“The money,” said the person behind the door. The voice was rushed and husky.

Too startled to question the command, Valerie pulled out the envelope she had been keeping in her jacket pocket and held it halfway through the slot. The person with the yellow eyes yanked it through the rest of the way and slammed the panel shut.

In the renewed silence of the hallway, the sensation that she had just been robbed overtook Valerie’s awareness. But before she could fall to pieces, she heard the click of a lock. Cautiously, she pushed on the door. She let out a heavy breath, relieved when it gave way.

The room on the other side was bright white and sterile, like one in a TV hospital. An examination table, like might be found in any doctor’s office, sat in the center of the room. On the wall opposite the table was a set of cabinets, painted the same white as the walls and ceiling. Between the cabinets and the table was an ergonomic desk chair. In the chair sat a woman in a white coat with jet black hair.

“Have a seat,” said the woman. Hers was the same husky voice that had asked for the money.

Valerie hesitated. “I was expecting a man. Everyone said the treatment was administered by a man.”

The woman smiled, and Valerie was surprised to find she felt comforted by the smile. It was understanding and unaffected. The woman, Valerie could now see, was very beautiful.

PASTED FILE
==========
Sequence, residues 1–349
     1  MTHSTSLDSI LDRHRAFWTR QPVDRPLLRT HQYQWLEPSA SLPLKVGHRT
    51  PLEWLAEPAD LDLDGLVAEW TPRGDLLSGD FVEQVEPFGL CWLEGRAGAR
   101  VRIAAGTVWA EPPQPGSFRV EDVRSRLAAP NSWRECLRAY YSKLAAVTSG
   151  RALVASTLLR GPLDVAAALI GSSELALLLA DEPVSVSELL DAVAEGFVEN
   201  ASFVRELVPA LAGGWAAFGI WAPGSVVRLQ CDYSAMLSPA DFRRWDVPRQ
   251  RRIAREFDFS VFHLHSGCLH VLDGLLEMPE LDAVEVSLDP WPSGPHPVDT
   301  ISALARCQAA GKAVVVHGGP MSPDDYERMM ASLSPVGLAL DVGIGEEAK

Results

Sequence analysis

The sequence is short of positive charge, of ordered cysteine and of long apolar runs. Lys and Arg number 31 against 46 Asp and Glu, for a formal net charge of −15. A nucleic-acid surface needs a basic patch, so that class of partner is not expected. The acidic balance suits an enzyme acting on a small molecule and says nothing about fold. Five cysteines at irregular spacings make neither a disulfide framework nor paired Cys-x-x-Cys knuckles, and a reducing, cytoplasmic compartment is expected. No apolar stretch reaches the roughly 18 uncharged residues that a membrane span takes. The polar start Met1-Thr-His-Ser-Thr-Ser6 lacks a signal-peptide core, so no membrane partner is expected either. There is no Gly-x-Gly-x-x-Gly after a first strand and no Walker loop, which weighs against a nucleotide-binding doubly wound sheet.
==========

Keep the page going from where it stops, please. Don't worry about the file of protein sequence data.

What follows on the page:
“Would you be more comfortable with a man?”

“Not necessarily.” Valerie toyed with the zipper on her jacket. “I don’t know if it’s possible for me to get comfortable with this.”

“Allow me to try and help.”

The woman indicated the examination table with one hand. Valerie walked with her eyes downcast, verifying each step she took, battling a stream of intrusive thoughts. She was reminding herself of all the things she’d already done and sacrificed in the name of swimming when the paper on the examination table crinkled loudly under her backside. She looked up to find that the woman had rolled the chair closer to the table. They were eye to eye.

“My name is Lillian,” she said.

“Valerie.”

“And how old are you, Valerie?”

“I’m twenty-five. Twenty-six in a couple of months.”

Lillian looked toward the ceiling, calculating something.

“That means you will be twenty-seven just before the next Olympic Games, correct?”

After a moment’s thought, Valerie said, “Yes.”

“Very good. How is your health?”

“It’s good. I’m healthy.”

“What is your sport?”

“I’m a swimmer. Sprints, mostly.”

“Exciting. Very exciting.”